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What is the starting point for a great kitchen? People think about what they want but rarely consider what they don’t want and, in the case of a remodel, what they want to keep. What happens at a first meeting? I learn about clients’ style and how they want the space to function. I also begin gauging the professional help they may need. Some people want to be very involved and are ready to take on a lot of the work, while others want to rely heavily on professionals. Is there a Central Oregon style of kitchen? People want clean lines and low maintenance, and the kitchen to be open to other rooms. What advice would you give to anyone considering a redesign? Don’t skimp on lighting; stay away from soffits and lowered ceilings; use drawers rather than cabinets for functionality; incorporate a separate pantry to separate foodstuffs from glasses and dishes; and plan for a family command center. What is fundamental to a successful project? In the end, it’s all about teamwork. The clients and the professionals are all on the same side working toward the same goal. Respect for each other and everyone’s areas of expertise is crucial.

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PHOTOS TALIA G ALVIN

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VENTURES

S O F T WA R E

Travel Market Innovation Odysys shifts the power to boutique hotels. W R I T T E N B Y K E L LY K E A R S L E Y P H O TO S B Y B R I A N B U L E M O R E

You’ve

likely heard stories about entrepreneurs who got their start with a lemonade stand or newspaper route. Kent Schnepp is that guy, though with a distinctly Oregon narrative. A Portland native, Schnepp put himself through the University of Oregon by building bikes and websites, both skills he taught himself. “I’ve only ever worked for a handful of companies,” Schnepp said. He started his own web design firm two years out of college. He then joined forces with a mountain biking buddy in 2006. Together they transformed Schnepp’s design business into a data-driven internet marketing company called EngineWorks. As organic search began to dominate, demand for search engine optimization and marketing business in Portland exploded. They sold the successful company six years later. Schnepp relocated to Bend in 2014 with his newest startup, Odysys, a company that combines his knowledge of digital marketing with a software platform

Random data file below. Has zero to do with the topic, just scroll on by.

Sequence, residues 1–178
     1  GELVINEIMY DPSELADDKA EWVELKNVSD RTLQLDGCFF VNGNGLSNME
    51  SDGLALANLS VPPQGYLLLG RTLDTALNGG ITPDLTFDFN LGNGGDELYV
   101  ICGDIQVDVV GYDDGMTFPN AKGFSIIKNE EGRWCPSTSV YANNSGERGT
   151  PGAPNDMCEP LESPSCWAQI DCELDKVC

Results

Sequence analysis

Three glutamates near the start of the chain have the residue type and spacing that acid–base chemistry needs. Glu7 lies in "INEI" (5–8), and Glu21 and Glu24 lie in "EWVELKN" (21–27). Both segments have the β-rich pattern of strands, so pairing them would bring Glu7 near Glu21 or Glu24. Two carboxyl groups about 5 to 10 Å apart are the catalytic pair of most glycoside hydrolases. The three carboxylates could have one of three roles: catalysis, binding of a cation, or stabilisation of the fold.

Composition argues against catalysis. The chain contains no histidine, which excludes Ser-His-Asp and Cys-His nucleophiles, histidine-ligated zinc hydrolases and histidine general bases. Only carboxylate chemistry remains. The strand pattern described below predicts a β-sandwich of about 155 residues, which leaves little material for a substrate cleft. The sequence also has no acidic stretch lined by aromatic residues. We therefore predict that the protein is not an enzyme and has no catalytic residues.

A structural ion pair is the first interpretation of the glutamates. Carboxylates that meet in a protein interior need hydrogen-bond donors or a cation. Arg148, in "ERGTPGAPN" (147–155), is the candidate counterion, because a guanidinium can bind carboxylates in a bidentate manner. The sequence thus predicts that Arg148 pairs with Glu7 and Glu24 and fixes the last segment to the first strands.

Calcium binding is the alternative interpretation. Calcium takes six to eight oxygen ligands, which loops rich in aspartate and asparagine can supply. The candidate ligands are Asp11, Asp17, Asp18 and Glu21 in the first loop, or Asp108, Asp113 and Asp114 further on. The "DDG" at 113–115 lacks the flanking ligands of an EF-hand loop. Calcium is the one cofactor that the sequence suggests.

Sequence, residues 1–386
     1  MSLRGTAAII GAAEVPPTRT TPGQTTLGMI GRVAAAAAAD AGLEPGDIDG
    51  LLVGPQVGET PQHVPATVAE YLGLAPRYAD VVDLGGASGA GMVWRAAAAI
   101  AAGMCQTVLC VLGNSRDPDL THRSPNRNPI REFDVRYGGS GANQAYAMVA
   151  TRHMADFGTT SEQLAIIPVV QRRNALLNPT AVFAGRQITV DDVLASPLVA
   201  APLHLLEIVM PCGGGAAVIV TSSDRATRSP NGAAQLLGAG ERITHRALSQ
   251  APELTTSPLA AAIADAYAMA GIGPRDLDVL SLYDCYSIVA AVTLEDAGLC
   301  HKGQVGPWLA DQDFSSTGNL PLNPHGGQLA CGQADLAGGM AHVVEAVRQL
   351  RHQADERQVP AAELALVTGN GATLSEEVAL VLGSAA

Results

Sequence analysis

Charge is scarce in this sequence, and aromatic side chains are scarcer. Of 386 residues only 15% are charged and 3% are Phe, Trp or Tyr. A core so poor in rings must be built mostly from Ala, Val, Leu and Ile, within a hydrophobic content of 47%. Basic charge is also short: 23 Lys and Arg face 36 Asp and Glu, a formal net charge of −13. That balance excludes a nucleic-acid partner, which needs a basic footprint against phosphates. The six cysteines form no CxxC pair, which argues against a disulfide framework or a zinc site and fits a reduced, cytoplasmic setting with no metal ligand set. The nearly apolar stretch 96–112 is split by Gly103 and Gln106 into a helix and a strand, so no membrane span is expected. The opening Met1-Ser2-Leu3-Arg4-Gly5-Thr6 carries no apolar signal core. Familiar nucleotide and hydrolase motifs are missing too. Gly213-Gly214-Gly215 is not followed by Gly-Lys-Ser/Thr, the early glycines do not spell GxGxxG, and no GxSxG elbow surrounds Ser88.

to help independent and boutique hotels boost their bookings.

Escaping Expedia

While building EngineWorks, Schnepp had taken a vacation to Thailand and came back with a new target market. “We kind of stumbled into the hospitality vertical,” Schnepp said. “I thought it would be a great excuse to travel more.” The whim turned into a solid business after EngineWorks reached out to web development agencies specializing in destination resorts. “We ended up running all the digital strategy and SEO for Vail Resorts, and we had clients around the world,” he said. When Schnepp founded Odysys last year, he returned to that travel market. He saw that boutique hotels much smaller than his previous clients were becoming dependent on online travel agencies (OTAs) such as Priceline and Expedia to acquire customers. These OTAs, however, command a steep commission of up to 20 percent per booking.